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Told operation too risky :(

Posted 13 January 2018 11:04:27(UTC)

After being diagnosed on Tuesday T3b possibly N1 5/4  Gleason 9 after PSA 18 & 23 I have just been advised by the surgeon to go for RT/HT instead of robot assisted prostatectomy. I'm disappointed as I had hoped to have the op & be rid completely if possible. He also quoted a 50% chance of a ten year survival which was a bit of a shock. He said if the chance of success was more than 50% he would advice to have it but my chance was less than 50%. I'm back to being worried again!

Posted 13 January 2018 14:43:26(UTC)

The other way of looking at it is that you could have had the op, suffered all the side effects and then discovered it hadn’t worked and you need salvage RT/HT anyway. That happened to my husband (he had a 55% chance of recurrence but didn’t really understand at the time what that meant) and he has very much regretted rushing into the surgery as it is so hard to live with the long term effects.

The other thing to consider is that with the RT/HT you have a better than 50% chance of getting to full remission :-)

"Life can only be understood backwards; but it must be lived forwards." Soren Kierkegaard

Posted 13 January 2018 18:10:19(UTC)

Hi Rich
Check my profile. I was similar to you in all stats. They gave me the op and then found I was G9 T4 N1 with 5 lymph’s cancerous out of 18. The post op results were tragic psa wise and I detested the 2 yrs of ED. I was only 48. I think Lyn is right ( she usually is ) and the best course is a damn good bout of RT to knock it back. Best of luck

If life gives you lemons , then make lemonade
Posted 13 January 2018 18:57:31(UTC)
Hi Rich,
My husband was G9 T3B N0 M0 he has HDBrachytherapy then 5 weeks of RT, he will be on Prostrap until June 2018 his PSA has been undetectable for the last year <0.1
He is happy with his decision, regaining his strength and managing the side effects of the HT reasonably well. He has no libido, gets the occasional hot flush, and the odd day of tiredness.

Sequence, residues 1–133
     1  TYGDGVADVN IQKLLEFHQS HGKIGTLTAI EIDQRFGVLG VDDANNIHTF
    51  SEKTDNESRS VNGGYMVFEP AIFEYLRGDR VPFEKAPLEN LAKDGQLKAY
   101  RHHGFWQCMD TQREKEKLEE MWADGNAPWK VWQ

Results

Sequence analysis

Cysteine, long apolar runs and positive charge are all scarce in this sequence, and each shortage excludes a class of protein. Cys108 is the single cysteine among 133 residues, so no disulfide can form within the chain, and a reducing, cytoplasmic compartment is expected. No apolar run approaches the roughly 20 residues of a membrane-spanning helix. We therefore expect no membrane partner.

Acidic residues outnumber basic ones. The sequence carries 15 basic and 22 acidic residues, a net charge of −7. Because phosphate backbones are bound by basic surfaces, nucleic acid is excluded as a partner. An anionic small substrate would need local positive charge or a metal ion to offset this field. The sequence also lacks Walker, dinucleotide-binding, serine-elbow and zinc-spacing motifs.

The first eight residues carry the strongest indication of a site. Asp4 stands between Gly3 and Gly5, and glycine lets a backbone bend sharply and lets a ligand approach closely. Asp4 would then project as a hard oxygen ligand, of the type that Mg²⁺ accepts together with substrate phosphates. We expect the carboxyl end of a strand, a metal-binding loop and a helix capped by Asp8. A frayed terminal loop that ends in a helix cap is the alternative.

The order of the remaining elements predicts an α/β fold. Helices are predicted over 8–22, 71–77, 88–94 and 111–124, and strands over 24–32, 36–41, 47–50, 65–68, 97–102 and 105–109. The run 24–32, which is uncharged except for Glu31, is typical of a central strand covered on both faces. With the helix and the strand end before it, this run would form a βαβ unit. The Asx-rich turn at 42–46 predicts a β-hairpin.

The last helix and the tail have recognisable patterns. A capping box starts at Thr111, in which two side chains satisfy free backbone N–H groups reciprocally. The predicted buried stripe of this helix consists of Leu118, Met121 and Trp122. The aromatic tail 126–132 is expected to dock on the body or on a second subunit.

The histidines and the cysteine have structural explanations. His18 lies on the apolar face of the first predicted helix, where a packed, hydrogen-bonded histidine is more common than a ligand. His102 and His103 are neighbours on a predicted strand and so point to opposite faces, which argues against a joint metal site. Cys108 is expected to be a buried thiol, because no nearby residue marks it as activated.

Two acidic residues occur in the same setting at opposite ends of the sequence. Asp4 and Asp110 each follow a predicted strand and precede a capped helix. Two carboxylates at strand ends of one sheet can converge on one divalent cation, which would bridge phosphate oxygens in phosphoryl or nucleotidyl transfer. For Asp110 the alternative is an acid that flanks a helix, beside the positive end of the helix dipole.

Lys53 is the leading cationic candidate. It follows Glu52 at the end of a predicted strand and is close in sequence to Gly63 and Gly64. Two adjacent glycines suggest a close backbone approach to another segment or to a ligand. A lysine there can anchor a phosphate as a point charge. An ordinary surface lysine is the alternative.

Our lives have changed, physically emotionally and socially. We are the same people readjusting our lives to make the best of something we did not want, this bl##dy disease is something none of us want.
What we do want is quality of life, enjoyment, health and happiness, we will not let this disease get the better of us. We hope he does not have to have further treatments, and he’s been given the old stats of a 50/50 chance of remission. I’m no medic or mathematician but even I can work that one out. A medical friend has told us that usually oncologists are a conservative bunch, so I’m hoping she is right.
He is older than you at 67, fairly fit, still running a small holding and playing as a muzo every day ( at home) so it’s not all doom and gloom, though we both fall into the emotional black hole sometimes, but make sure we drag ourselves out, cos it’s not a good place to be.

Research ask questions and use this site, it has been a place of great support for me.


Posted 14 January 2018 12:25:43(UTC)

You lot are are great especially the ubiquitous "LynEyre"!!!!

Posted 17 January 2018 09:47:54(UTC)

Hi Rich
I had a similar diagnosis to you. T3b N1 M0 Gleason 9 (5/4) two years ago. I was devastated.
I was immediately put on hormone therapy tablets. (This shrinks the tumour)
The oncologist offered HD Brachytherapy and 3 week external beam radio therapy to occur at least 3 months after the start of hormone therapy. I was not given another option.

The oncologist told me 1 in 3 cure with 2 in 3 survival in 10 years. My view was that theses statistics are for the whole age range, I was relatively young (56) and fit, which I am guessing you are, and so I my outcome is likely to be better. I think the same applied to you In addition I agree the oncologist with Leila's friend oncologists will tend to be conservative

Good luck


Posted 17 January 2018 18:41:52(UTC)

Hi Rich, sorry you couldn't have op. My husband had the robotic surgery last Friday and got out Sunday. He is doing remarkably well in the recovering at home but finding the catheter difficult to have. He also has to wear the stockings for 6 weeks and inject himself for a month.